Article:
Language Divide 2.0

Bringing you ‘Language divide 2.0’ – the contemporary version of linguistic barriers.

11-year-old Mango Science Radio subscriber from Ahmedabad: “Hi Bhaiya, I have some update, here is the science story that I created.”

Me: “Wow, sounds good. Can you share?”

11yo: “Sure”

One of our young listeners of Mango Science Radio heard a story by Obuli on “Science vs Technology” and narrated it with her own interpretation. While I enjoyed the child’s world-view listening to her narration, it created discomfort. It wasn’t the influence of her mother tongue or the grammatical mistakes that were a concern; it was her comprehension. So I immediately sent her a voice message in her language, explaining what Obuli’s story meant and also gave her an example that she could relate to.

Later, I asked her to narrate a new story from the example I had given and what she shared blew my mind. She had created a plot with some characters and brought out the explanation based on her own world-view. It was a day to cherish. It reminded me of my volunteering days when I used to teach computer science to kids in Vadavalli, Coimbatore who did their entire schooling in their regional language. I have always found kids to be excited about using computers, but one girl was reluctant and afraid. After some questioning and asking around, I found out that she was unable to read the words “Save” and”File”. This initially made me question her comprehension skills but on the following day when she started sharing the poems she had written in her regional language, I realised that the depth and delivery they possessed would not be possible without good observation and comprehension.

This and several other incidents in my education experience made me discover the “Language-divide”. The massive rise of English-medium schools across the country may have solved the Language-divide of the 80s but Language-divide 2.0 has come from the solution itself and is a concern that needs to be addressed.

Comprehension skills vs Communication skills

Imagine this scenario – a Tamil speaking 8yo, staying in an Urdu speaking community, going to an English medium school, learning mathematics from a teacher who speaks average English. The teacher and the children are forced to speak in English for better communication skills. How much of a struggle do both parties undergo, and for what reasons? Many schools charge a fine if any language other than English is spoken. It is understandable that as part of improving communication skills for any language, it is important to listen, speak, read, and write. But imagine the amount of comprehension chaos that the child has to go through, which eventually makes rote-learning the only viable option. Are we compromising comprehension skills for communication skills?


Nothing wrong in Learning multiple languages

The challenge is not with learning multiple languages or English itself. In fact, learning multiple languages builds perspectives and thinking skills. And English is now a global language, with worldly wisdom getting documented every second. So it is not about learning multiple languages, it is about the objective of learning a language.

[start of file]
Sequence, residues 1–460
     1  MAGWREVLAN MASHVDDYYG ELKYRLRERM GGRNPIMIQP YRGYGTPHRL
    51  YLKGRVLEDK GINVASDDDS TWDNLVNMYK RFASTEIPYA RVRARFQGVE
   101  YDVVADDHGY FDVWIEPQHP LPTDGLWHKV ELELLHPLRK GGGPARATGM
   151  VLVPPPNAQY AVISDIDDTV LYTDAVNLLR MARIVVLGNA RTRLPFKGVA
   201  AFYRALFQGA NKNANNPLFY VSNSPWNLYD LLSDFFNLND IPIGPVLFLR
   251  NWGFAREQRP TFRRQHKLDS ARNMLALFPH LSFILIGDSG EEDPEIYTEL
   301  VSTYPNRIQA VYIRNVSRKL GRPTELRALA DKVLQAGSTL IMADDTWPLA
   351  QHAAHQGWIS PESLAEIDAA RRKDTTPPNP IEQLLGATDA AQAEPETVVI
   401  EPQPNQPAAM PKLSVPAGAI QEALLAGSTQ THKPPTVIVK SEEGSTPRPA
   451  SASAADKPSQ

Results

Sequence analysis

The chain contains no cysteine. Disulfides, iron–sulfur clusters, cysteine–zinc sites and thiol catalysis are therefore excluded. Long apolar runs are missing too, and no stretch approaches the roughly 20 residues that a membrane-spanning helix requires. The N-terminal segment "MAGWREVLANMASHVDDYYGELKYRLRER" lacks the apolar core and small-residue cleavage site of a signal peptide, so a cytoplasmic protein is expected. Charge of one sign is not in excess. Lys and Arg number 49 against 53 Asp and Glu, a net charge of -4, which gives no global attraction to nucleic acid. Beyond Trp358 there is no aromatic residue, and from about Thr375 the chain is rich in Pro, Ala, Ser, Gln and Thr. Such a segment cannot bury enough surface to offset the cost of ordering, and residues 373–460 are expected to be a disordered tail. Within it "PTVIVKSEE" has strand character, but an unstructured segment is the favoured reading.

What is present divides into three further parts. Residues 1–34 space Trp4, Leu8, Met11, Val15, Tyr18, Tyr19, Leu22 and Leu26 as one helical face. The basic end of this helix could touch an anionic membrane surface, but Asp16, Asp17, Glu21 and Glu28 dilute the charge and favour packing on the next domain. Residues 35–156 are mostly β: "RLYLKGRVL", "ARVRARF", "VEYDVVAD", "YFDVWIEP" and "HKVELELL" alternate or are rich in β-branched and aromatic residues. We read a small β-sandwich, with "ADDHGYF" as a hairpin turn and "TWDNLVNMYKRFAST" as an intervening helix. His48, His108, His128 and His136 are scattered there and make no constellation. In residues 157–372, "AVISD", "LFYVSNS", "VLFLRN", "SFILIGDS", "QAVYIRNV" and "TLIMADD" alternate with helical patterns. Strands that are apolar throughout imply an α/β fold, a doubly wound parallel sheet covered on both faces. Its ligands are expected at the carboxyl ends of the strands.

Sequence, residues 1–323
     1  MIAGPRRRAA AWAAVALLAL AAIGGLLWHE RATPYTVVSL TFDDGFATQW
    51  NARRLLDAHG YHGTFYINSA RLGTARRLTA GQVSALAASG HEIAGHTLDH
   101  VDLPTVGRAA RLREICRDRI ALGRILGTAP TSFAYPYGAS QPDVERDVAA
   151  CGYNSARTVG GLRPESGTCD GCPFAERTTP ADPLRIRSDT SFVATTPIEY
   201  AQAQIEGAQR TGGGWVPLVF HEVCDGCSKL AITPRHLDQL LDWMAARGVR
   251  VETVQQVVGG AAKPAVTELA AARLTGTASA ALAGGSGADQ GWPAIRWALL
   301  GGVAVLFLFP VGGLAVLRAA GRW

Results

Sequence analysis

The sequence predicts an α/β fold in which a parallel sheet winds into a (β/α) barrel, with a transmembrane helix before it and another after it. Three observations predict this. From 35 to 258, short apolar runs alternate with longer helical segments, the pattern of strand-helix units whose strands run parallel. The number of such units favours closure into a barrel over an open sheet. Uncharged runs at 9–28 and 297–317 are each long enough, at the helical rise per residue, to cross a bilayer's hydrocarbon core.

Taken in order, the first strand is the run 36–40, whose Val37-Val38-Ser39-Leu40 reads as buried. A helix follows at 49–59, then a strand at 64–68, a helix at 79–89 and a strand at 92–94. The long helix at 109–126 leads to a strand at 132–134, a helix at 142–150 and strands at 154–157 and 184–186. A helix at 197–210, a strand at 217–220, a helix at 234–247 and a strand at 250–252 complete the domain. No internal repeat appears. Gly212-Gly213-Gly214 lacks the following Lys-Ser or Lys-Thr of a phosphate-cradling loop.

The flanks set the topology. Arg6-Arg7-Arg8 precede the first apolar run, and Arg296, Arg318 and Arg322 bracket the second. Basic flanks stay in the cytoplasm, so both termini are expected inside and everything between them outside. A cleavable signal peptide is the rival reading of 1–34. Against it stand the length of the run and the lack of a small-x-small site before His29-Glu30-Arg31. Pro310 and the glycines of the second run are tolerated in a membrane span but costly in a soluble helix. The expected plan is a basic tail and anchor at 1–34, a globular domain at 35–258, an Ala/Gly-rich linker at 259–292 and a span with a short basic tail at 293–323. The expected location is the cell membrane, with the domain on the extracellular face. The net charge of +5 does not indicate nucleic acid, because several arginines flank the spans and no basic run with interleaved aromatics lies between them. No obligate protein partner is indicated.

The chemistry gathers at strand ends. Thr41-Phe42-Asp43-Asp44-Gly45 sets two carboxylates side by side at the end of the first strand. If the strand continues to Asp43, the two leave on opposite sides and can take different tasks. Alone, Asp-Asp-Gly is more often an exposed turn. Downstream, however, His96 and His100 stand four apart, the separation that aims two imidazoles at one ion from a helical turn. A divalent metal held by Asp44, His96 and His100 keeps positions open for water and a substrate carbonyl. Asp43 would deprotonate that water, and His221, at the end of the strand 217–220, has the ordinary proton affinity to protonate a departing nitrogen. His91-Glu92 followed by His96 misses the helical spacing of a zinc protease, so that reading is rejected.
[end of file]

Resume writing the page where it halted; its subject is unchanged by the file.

The objective of language education is communication. In mathematics, science, and other non-language subjects, the objective is comprehension and reasoning. Why turn all these classes into forced language coaching classes?

The change needs to be made at the curriculum objective itself. With increasing standardization towards the global curriculum, the context and relevance are diluting. The child’s world-view which is rich with observations and experiences should not be negated.

The Future Is Already Here, It’s Just Not Evenly Distributed

In the quest for Curriculum development at Mango Education and this growing discomfort of standardization, fortunately, we came across the Teacher Induction program by Prema ma’am from Vidya Vanam.

Vidya Vanam is located at Annaikati with the majority of the children from the local Tribal community. They’ve been working on a contextual curriculum for years. Their vision of being glocal, that is, stay local yet think global has always been a source of wisdom.

Vidya Vanam focuses on fundamentals like Mathematics, Science, and other languages with a tri-lingual curriculum at the primary level. They hire teachers from the local tribal community who teach them using all the 3 languages they speak – Irula, Tamil, and English, thereby striking a balance between comprehension and communication skills. They also design their pedagogy, assessment, and lesson plans in a way that’s contextual and relates to the children’s surroundings. In the same way, the inspiring engineer Sonam Wangchuk is building a mountain curriculum with the local language to keep it contextual.

With the travel restriction, the COVID-19 situation has made us think local and buy local. Can we work on contextual glocal curriculum development with comprehension as the primary objective? With the internet and other technology, the freedom for curriculum development has opened up. Can we use this for creating a contextual curriculum, with the language that the child can understand?

Let’s use this academic year 2020 to ponder on this and ensure that every child from Ahmedabad to Ooty has the freedom to learn from their world-view and nurture their curiosity.

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